HOWTO: Configure XChat Azure on OS X to connect to Freenode using SASL + Tor



Wednesday, July 31st, 2013 at 9:17 am | 2,244 views | trackback url

With all the recent news about the NSA, Prism Surveillance Program and the US Federal Government actively spying on its citizens without cause, I decided to update the detailed HOWTO I posted in early 2011 describing how to connect to Freenode using Xchat (on Linux/FreeBSD) using SASL + Tor. The process is relatively simple, but there is a simplified version now, and it works seamlessly with XChat Azure on OS X, as well as Linux, without having to compile any plugins using GCC.

A win, win, all around! Let’s get started! (click the images below to zoom to full size)

Installing Tor (via Vidalia) on Your OS X Machine
Configuring Browsers to use Tor (to validate Tor functionality)
Configuring XChat Azure to Speak Through the Vidalia (Tor) Proxy
Adding a Freenode Tor Network Server to XChat Azure
Installing the SASL Perl Script to Manage SASL Connections
Connecting to Freenode using SASL + Tor

 

Installing Tor (via Vidalia) on Your OS X Machine

To get Tor running on your OS X machine, you’ll need to install it. There are several ways to do this, but the easiest is to use the TorBrowser Bundle, aka “Vidalia” package for OS X.

It’s straightforward to install that, just download and install it as you would any other OS X software. Once you’ve got it installed, you’ll see the main Vidalia Control Panel, shown here:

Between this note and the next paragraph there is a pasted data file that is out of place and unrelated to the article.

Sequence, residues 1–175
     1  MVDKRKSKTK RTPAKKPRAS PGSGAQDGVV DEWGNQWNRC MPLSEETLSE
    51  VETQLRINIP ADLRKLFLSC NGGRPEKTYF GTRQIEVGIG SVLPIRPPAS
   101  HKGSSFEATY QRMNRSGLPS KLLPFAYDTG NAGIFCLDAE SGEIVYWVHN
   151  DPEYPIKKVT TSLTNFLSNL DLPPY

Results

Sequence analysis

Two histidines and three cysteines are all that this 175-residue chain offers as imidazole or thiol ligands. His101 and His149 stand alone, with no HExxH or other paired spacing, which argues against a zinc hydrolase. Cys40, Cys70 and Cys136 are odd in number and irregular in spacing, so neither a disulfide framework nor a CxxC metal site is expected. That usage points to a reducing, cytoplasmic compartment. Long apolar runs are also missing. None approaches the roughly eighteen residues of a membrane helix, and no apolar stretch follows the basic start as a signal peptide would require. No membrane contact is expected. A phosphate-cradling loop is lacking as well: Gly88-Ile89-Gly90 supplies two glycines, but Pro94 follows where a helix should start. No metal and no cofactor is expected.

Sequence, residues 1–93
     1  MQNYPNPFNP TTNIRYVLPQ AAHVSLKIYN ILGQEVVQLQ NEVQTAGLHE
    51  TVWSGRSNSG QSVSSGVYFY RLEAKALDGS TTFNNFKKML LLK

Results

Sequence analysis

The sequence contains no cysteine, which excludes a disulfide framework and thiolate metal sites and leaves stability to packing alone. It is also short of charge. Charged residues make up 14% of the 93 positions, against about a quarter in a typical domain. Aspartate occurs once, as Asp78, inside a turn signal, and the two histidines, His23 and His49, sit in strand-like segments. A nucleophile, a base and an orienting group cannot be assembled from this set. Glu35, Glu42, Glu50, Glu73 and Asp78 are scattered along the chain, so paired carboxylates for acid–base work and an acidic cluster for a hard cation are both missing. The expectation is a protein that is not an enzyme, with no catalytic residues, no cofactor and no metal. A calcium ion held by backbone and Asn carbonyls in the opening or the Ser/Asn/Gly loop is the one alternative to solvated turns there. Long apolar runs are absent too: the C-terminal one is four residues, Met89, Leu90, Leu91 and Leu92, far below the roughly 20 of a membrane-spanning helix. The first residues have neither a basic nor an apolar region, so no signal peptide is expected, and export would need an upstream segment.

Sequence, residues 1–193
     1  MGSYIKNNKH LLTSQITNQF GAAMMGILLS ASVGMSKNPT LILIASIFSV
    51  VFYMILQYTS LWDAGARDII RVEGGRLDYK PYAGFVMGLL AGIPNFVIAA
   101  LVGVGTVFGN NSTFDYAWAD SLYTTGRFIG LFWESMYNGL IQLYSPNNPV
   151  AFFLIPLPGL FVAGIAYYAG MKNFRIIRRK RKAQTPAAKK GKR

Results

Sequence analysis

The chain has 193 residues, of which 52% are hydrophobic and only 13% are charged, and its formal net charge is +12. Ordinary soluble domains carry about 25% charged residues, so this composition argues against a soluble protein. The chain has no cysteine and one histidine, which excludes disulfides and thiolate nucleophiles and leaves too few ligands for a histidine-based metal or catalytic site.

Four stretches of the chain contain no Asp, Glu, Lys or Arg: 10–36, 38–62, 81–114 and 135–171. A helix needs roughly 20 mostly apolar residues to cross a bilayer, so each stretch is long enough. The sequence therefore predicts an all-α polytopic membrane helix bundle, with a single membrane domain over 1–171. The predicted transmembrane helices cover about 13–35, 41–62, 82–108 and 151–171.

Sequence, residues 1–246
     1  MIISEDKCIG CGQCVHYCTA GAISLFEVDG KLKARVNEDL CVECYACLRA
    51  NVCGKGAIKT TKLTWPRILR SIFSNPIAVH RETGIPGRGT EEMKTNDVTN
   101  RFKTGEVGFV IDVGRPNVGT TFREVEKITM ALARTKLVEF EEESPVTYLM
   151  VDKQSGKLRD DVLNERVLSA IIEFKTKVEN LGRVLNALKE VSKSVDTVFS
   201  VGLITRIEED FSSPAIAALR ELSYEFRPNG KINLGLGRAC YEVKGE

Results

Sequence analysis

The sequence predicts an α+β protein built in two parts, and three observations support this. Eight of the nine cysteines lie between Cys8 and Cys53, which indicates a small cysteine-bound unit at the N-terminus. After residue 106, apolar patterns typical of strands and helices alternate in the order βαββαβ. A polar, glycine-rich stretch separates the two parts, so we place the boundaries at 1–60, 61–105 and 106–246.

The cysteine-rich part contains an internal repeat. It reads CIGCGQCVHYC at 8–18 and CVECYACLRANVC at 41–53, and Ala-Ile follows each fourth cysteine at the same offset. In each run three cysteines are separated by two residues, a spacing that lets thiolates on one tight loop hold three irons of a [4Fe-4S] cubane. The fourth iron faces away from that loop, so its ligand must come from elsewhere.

If you see the green “onion” icon in your Finder menubar at the top of your screen, you’re up and running and connected to the Tor network. You can check this further by looking at the “Bandwidth Graph” to see if bytes are actually flowing across your connection.

 

Configuring Browsers to use Tor (to validate Tor functionality)

Now you’ve got Tor running, you’ll need to verify that it actually works and that you can send and receive traffic over it.

Open your browser of choice (I use Firefox but any browser will work) and find the configuration option in your browser’s Preferences pane for setting a “Proxy Server”. You’ll want to point it to a proxy server address of 127.0.0.1, port 9150, as shown below.

The reason this isn’t the “standard” Tor port of 9050, is because the Vidalia project wanted to ensure that they didn’t collide with a system-installed version of Tor, so they went with 9150 instead.

Once you’ve got that configured, point your browser to the Tor Check Site. You should see output that looks like this:

If you’ve gotten this far, you’re almost there! If you see an error message or cannot connect to the Proxy, make sure Vidalia is running, that it’s showing ‘green’ in your menubar, and that you’re using port 9150, not 9050 in your Proxy port configuration.

 

Configuring XChat Azure to Speak Through the Vidalia (Tor) Proxy

Now let’s configure XChat Azure. Open up your XChat Preferences (Command-,) and go to the “Network setup” page. Here is where you’ll configure similar parameters we just used for Firefox above to permit XChat Azure to communicate across Tor.

Configure it to look like the following values:

Now ALL of your networks will attempt to use Tor, which may not be what you want. We’ll go over that in a moment, so you can exclude (“bypass”) the proxy for public networks.